Re: [asa] Space compression

From: Jim Armstrong <>
Date: Mon Oct 29 2007 - 01:02:36 EDT

But in terms of the audience we are discussing, a plausible argument
might build on the finely-tuned universe premise. First ask why we would
think that light speed would be different at some other time, given the
stability in the universe we observe now (including those pesky
constants -we DO observe them to be constant), and then further suggest
that meddling with a parameter that would cause such a variation in
light speed would ALSO likely (?) constitute a disturbance of one or
more of those finely-tuned foundational parameters.
JimA [Friend of ASA]

gordon brown wrote:

> On Sun, 28 Oct 2007, George Cooper wrote:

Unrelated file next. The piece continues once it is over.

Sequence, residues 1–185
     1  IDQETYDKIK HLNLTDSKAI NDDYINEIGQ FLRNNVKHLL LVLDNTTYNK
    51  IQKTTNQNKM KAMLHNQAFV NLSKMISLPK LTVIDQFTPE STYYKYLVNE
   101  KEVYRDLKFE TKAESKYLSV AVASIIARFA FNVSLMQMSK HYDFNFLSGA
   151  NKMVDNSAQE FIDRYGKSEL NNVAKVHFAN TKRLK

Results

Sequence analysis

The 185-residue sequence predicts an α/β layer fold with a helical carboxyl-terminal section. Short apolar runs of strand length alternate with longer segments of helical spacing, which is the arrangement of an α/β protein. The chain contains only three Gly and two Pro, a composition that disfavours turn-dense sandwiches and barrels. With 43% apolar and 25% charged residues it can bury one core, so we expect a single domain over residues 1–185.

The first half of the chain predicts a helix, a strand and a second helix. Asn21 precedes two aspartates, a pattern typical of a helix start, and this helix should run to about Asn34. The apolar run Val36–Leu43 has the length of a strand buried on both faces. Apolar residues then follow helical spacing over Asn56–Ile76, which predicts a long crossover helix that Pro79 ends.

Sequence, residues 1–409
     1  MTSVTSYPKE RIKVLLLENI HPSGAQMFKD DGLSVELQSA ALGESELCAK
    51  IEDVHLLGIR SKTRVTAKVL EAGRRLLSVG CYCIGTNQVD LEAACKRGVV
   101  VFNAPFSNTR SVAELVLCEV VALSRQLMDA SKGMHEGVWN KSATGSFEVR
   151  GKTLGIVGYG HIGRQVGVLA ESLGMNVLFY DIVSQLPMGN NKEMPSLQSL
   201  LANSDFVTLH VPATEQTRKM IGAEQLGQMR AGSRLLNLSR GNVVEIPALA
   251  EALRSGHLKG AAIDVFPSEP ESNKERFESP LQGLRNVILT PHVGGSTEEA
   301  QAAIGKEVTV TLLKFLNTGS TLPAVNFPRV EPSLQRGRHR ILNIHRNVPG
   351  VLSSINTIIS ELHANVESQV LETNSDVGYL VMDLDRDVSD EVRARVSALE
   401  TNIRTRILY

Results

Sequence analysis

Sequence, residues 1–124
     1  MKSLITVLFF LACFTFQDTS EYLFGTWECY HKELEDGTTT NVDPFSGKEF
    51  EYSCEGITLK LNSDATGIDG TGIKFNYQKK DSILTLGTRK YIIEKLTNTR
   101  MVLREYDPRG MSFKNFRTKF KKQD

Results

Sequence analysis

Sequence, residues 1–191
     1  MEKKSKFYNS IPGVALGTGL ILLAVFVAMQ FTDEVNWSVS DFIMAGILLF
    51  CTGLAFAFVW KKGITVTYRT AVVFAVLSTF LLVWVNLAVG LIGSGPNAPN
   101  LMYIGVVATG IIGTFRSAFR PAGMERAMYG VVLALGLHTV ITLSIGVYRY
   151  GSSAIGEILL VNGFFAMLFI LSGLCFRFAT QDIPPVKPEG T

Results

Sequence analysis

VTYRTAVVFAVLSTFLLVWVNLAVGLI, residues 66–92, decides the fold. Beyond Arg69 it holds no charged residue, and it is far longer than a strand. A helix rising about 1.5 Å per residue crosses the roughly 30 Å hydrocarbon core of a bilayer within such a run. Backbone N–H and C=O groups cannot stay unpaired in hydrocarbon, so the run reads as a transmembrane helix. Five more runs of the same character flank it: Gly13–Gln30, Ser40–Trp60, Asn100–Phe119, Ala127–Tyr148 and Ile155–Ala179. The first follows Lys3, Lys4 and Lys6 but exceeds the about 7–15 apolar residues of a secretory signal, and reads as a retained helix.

>> 2) Supernova 1987a in the nearby Magellanic dwarf galaxy has a
>> visibile expanding shell. Simple trigonometry demonstrates that it
>> is ~ 168,000 lyrs distance. Simple trig makes this measurement
>> independent of the speed of light.
> This should mean light years based on the speed of light at the time
> of the supernova. A YEC might claim that light used to be a lot slower
> than it is now thus explaining why the angle subtended by the shell is
> so small. However I think that this would create new problems for
> them. Isn't this the opposite of what they might want to explain away
> the red shift? This is a question for a physicist to answer.
> Gordon Brown (ASA member)
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Received on Mon Oct 29 01:03:24 2007

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